What better way to gain retail industry experience and insight with a retail company than to start with an internship? It allows you to get a feel for a company and learn on the job; plus, it can lead to full-time employment.
So how do you go about finding an internship in the retail industry? The big companies, such as Sainsbury’s and Marks & Spencer, have internships and graduate schemes – so this could be a great place to start. Their websites all have detailed information or forms to register your information. Recruitment websites like RetailChoice, which specialise in finding you retail jobs, can introduce you to new companies and help you with interview techniques and CVs.
There are many areas you can intern in, not just in-store. Jo Gidley, graduate campaign research manager at Sainsbury’s, who visits university careers fairs every year says: “Students don’t realise what we have to offer. They think it’s just jobs in-store, but we have so many more in the head office, such as in logistics and merchandising.” Both Marks & Spencer and Sainsbury’s offer internships for 12 months, with Sainsbury’s offering a three-month summer internship to students, and Marks & Spencer offering graduates a three-month internship as part of the Government's Graduate Talent Pool scheme.
In terms of qualifications, most retailers look for students who are studying a relevant degree. Marks & Spencer find that business studies students often like their store roles. Where as those studying other degrees may be better suited to head office jobs. All employers are looking for individuals who also have outside interests whether they are active in the student union at university or had a part time job – it shows commitment and willingness.
Most of all, enthusiasm and being inquisitive about the role will show that you’re keen and interested in a potential career with them, rather than just a job. “We are looking for those that thrive under pressure, someone who isn’t fazed about talking to senior members of staff and happy to take on their own projects,” says Jo Gidley.
Expect to be treated like a normal member of staff when you take on an internship. “The internships are very hands-on and get a feel for what the job would actually be like. What you are given is very critical to the business as a whole,” Says Jo Gidley.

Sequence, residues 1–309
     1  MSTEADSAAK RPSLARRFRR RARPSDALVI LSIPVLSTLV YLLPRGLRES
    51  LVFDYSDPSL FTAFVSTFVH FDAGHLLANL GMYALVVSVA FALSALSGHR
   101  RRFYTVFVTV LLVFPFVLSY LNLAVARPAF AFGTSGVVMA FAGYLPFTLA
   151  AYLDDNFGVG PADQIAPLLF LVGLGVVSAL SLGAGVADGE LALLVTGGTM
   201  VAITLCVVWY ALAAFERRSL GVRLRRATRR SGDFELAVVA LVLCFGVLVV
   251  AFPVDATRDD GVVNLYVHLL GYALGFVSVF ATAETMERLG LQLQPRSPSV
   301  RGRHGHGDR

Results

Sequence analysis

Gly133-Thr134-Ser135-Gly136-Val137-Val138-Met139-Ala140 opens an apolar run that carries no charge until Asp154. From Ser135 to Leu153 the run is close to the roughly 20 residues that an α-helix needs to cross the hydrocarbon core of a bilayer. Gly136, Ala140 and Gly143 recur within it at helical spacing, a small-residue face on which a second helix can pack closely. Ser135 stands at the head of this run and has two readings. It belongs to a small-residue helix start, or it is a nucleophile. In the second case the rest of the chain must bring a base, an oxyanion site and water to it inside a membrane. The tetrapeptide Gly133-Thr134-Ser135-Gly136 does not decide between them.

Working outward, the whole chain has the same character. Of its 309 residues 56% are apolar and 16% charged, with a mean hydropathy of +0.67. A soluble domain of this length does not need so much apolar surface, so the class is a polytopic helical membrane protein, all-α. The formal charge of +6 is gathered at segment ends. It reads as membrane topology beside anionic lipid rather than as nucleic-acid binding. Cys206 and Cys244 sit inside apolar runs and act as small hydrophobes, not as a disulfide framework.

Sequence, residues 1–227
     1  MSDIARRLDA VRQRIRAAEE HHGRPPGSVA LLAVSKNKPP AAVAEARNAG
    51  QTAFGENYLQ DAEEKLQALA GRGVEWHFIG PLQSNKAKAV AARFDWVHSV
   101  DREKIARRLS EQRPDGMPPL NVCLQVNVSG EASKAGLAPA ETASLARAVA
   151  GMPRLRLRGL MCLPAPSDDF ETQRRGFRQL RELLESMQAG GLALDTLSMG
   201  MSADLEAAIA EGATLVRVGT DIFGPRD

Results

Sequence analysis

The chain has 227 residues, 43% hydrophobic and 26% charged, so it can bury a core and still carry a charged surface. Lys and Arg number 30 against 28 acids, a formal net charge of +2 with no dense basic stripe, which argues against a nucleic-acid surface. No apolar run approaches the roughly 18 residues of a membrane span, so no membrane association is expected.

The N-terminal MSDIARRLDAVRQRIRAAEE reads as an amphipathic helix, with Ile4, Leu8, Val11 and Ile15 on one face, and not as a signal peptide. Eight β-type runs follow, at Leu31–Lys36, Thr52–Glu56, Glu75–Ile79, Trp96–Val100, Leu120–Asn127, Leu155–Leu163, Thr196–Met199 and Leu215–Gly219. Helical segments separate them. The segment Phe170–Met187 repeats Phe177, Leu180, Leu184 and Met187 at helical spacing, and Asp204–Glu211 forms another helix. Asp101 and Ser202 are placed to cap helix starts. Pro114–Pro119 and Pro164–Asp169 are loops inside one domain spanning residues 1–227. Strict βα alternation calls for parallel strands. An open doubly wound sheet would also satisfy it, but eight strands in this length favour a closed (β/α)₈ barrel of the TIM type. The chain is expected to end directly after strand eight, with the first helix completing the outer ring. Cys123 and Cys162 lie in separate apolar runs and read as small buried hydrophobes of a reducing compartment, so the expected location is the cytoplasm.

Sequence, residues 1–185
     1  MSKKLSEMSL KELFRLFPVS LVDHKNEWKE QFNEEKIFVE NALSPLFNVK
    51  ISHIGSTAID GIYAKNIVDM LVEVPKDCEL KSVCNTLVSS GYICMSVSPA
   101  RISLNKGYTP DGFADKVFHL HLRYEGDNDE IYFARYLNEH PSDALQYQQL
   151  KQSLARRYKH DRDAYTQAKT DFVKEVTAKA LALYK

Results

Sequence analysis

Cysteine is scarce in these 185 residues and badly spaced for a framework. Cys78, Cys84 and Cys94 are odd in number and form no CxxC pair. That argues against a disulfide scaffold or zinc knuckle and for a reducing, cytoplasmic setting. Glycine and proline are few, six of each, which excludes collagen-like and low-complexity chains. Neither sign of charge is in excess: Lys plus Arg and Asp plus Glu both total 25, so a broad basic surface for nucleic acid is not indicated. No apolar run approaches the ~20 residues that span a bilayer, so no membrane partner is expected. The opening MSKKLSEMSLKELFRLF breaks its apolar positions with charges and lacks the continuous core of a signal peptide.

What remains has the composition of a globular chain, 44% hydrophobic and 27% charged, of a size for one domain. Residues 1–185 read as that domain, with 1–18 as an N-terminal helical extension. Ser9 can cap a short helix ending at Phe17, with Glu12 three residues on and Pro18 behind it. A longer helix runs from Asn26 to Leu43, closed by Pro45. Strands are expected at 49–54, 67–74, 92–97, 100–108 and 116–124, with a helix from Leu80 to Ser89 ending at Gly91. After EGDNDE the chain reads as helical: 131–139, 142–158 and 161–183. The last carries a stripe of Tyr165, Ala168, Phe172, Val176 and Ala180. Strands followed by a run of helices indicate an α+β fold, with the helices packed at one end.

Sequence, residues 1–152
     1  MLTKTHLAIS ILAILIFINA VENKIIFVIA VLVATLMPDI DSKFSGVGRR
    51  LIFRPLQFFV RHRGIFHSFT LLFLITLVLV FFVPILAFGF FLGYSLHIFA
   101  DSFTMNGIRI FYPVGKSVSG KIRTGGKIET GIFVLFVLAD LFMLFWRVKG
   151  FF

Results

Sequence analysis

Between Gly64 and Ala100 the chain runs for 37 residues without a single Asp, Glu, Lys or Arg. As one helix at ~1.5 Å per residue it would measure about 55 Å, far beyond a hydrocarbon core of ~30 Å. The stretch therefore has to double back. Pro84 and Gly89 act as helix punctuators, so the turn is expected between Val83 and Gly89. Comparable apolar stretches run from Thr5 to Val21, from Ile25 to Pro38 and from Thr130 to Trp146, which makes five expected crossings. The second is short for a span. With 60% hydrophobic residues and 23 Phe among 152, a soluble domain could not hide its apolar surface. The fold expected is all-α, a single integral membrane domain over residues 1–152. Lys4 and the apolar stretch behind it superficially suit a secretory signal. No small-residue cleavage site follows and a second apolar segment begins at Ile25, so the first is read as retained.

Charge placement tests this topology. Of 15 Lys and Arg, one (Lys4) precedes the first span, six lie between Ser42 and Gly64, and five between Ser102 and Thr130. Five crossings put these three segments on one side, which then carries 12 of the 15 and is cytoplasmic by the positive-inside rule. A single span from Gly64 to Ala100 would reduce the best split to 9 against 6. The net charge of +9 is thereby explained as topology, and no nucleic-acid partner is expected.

So what does an internship say to a potential employer? Internships look great on CVs, as they are valuable and relevant experience. They show that you are motivated and willing to get hands-on experience, and for you it’s a great way to test out if you actually want to work in that industry or if it’s not quite right for you. And as well as looking great on the CV most retail internships offer payment, too - with salaries of up to £18,000 per rata.
An internship can be the start of a great career – with either the company you are working for or another company. “A lot of our interns go on to apply for our graduate placements – it’s a great way to get their foot in the door and get recognised. At the end of the placement, we always do a review and look at their options. We give them constructive criticism about how it went and what could make it better for them and us,” says Jo Gidley.
So an internship gives you great insight into the real world of working for a retail company – whether it is in store or in another department such as buying or IT in their head office. And as well as being paid, an internship looks great on your CV to future employers as it shows your willing to work hard and eager to gain experience in that industry. So start gaining that experience now.
Elizabeth Villiers, 20, completed an eight-week placement with Sainsbury’s last summer in the buying department. She applied for the placement though their website and was asked in for an interview and had to complete a presentation. She carried out the placement in her summer holiday whilst still at university and was paid £13,000 per rata. It took place at their head office in London and she was able to shadow a member of the buying team and get a general feel of the job – which allowed her to travel to different stores, attend meetings and also get involved in presentations and pitches. “It was such a valuable experience. I wasn’t too sure about where I wanted to go after I finished university, but this gave me such a great insight that I knew it was what I wanted to do when I finished.” Elizabeth enjoyed it so much that she applied to their graduate scheme as a food buyer next year and will be starting after she finishes her university degree.